Residents in Mangaluru protest against MRPL for allegedly polluting Phalguni river

Locals say that effluents, allegedly released by Mangalore Refinery and Petrochemicals Limited into a nearby stormwater drain that leads to the Phalguni river, have contaminated their source of water.
Women and children among protesters against enviornmental pollution of River Phalguni in coastal Karnataka
Women and children among protesters against enviornmental pollution of River Phalguni in coastal Karnataka
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By Prithuma Monteiro

Residents and fishing communities near Jokatte in Mangaluru are once again up in arms over the alleged release of untreated effluents into the Phalguni river by Mangalore Refinery and Petrochemicals Limited (MRPL). The issue first came to light as early as 2014, when black-ish deposits were noticed in the stormwater drain near the refinery. Now, distressed residents under the banner of Nagarika Horata Samithi on Friday, October 1, demanded that the effluents not be dumped into the drain anymore, as it has detrimental effects on their health and livelihood. Over 80 protesters, including residents and members of the Democratic Youth Federation of India (DYFI), held a banner protest, demanding justice. 

Tayyub, a resident and fisherman, said that the contaminated water causes severe health issues for the fishermen. “For small catches in shallow water such as crab, shellfish, and other small fish, fishermen are required to wade into the water. This has been the practice for generations. But, in the last few years, these fishermen are facing rashes and reddening of the skin, and they themselves have to foot the bill for treatment,” he said. 

Moreover, Tayyub added, the water there used to have a bounty of small catches. “It was sufficient for the locals for consumption and sustainable living. But due to the erratic dumping of the industrial waste, the fishes in the water have drastically reduced,” he said.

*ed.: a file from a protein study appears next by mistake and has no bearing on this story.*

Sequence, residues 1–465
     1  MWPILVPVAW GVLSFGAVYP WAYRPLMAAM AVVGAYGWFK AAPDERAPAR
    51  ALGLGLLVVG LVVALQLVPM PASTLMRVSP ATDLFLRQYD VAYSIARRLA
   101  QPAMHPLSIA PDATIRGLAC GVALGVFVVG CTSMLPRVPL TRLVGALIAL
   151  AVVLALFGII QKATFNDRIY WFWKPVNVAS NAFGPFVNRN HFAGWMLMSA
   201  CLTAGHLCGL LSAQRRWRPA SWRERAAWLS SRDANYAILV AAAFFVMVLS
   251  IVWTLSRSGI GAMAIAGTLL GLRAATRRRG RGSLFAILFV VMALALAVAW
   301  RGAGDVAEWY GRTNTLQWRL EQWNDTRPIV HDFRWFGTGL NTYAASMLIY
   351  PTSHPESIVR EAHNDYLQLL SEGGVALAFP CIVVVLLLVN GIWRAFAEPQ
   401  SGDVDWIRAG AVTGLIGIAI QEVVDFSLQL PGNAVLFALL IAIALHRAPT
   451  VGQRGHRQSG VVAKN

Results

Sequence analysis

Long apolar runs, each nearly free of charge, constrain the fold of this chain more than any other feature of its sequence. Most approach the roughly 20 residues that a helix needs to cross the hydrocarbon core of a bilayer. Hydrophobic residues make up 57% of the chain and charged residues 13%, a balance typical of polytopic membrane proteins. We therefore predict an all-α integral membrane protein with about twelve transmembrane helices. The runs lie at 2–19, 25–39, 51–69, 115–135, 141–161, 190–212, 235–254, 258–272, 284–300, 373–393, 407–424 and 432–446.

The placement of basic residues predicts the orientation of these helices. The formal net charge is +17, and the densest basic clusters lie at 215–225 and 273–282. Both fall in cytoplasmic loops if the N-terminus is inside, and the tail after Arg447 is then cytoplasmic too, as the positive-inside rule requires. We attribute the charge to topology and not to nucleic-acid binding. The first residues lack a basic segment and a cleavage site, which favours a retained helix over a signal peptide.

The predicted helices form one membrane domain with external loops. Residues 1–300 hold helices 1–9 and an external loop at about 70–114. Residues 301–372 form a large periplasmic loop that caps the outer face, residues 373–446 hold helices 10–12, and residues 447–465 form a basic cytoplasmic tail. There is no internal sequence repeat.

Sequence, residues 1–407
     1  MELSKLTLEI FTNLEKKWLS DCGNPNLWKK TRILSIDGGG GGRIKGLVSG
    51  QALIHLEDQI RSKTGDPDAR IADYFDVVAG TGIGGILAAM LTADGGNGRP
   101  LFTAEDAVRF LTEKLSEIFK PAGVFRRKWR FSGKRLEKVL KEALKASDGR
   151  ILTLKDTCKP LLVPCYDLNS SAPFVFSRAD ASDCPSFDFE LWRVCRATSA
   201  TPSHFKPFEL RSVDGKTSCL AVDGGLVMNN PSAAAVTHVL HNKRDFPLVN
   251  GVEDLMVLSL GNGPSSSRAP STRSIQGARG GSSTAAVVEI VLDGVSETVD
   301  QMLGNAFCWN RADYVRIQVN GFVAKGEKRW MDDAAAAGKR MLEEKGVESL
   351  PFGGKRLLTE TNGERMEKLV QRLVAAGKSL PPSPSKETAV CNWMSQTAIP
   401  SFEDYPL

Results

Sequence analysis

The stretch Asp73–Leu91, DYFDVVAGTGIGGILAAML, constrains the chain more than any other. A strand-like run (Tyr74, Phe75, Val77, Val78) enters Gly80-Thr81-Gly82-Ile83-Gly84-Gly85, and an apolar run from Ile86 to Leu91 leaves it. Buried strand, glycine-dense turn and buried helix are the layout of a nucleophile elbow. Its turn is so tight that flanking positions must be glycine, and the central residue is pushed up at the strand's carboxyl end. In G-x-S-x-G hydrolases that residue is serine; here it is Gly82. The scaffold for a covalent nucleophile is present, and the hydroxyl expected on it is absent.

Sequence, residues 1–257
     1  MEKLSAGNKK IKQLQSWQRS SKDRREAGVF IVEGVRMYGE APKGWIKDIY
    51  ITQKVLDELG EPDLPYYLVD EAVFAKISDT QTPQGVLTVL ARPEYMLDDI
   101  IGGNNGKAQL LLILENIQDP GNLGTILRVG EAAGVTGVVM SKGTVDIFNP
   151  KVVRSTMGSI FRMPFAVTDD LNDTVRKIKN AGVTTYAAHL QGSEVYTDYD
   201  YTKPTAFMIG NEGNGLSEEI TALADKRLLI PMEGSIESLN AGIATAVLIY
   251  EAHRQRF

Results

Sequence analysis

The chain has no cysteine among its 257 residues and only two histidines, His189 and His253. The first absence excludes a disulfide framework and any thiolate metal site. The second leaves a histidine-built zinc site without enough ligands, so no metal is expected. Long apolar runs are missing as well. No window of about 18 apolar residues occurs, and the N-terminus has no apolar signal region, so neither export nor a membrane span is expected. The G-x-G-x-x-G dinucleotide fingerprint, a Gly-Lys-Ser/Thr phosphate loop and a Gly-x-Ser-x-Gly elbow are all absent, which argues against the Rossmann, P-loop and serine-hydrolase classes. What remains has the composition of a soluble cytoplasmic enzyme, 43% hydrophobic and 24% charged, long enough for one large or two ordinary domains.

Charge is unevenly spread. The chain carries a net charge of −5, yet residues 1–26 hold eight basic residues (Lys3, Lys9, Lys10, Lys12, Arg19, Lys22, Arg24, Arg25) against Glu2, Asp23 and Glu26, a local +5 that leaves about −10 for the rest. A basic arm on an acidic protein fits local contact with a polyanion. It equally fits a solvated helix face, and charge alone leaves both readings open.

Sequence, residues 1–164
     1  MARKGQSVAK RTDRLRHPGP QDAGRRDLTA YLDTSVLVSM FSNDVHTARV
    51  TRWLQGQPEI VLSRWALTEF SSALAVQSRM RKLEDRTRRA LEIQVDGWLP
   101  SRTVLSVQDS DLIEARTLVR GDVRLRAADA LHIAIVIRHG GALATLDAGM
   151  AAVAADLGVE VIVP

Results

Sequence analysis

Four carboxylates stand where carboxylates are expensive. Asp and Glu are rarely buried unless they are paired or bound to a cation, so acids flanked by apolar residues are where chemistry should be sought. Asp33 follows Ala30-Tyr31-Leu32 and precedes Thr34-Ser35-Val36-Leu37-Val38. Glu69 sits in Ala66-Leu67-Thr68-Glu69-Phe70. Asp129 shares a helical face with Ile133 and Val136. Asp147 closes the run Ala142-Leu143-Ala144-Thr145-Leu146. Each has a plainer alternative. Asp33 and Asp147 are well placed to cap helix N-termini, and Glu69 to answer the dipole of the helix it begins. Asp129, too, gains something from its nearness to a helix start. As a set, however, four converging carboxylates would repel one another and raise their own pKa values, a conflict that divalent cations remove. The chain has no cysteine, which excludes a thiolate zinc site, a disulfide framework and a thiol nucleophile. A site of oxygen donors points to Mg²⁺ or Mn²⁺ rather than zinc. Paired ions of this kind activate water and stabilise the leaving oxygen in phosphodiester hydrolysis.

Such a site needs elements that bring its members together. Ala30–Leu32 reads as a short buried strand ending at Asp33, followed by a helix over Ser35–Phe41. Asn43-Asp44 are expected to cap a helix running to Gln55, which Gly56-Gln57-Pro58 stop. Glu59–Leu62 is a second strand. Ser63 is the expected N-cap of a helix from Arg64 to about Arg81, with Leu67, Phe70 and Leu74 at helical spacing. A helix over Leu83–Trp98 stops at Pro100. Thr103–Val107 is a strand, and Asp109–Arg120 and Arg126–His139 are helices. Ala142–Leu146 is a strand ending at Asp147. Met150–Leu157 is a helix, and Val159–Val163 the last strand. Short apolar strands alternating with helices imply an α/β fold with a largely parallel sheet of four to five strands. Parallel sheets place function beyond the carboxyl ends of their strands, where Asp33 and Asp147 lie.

Locals say that the untreated effluents, allegedly released by the MRPL into a nearby stormwater drain which eventually leads to the Phalguni river, have adversely affected their source of water, along with the local biodiversity. 

Ravi Paul, a resident and business owner, said that the pollutants in the water are clearly visible to the naked eye. “There is a significant amount of black sludge that gets deposited on the banks as well as underwater. During low tide, the sludge is very much noticeable on the waterbed. This has caused severe disruptions to aquatic life there,” he said.

Speaking to TNM, Muneer Katipalla, the state President of the DYFI, said that the Pollution Control Board has not taken any action against this, despite several complaints. “We had raised this issue years ago when we noticed contaminated water from effluents discharged by the plant. We have been complaining about this issue since 2014. But the complaints have gone completely unheard. We are protesting so that at least now they can take action before it's too late,” he said. He further expressed concerns about the large-scale impact of the pollutants on the water bodies, which can cause devastation to the adjacent environments.

Earlier, TNM had reported how residents of Jokatte started their protest against pollutants and harmful effluents allegedly dumped by the MPRL into the Phalguni river. 

Muneer said that if the PCB refuses to take action even now, after so many years and so many complaints, the DYFI and residents will be forced to stage an indefinite protest against the matter.

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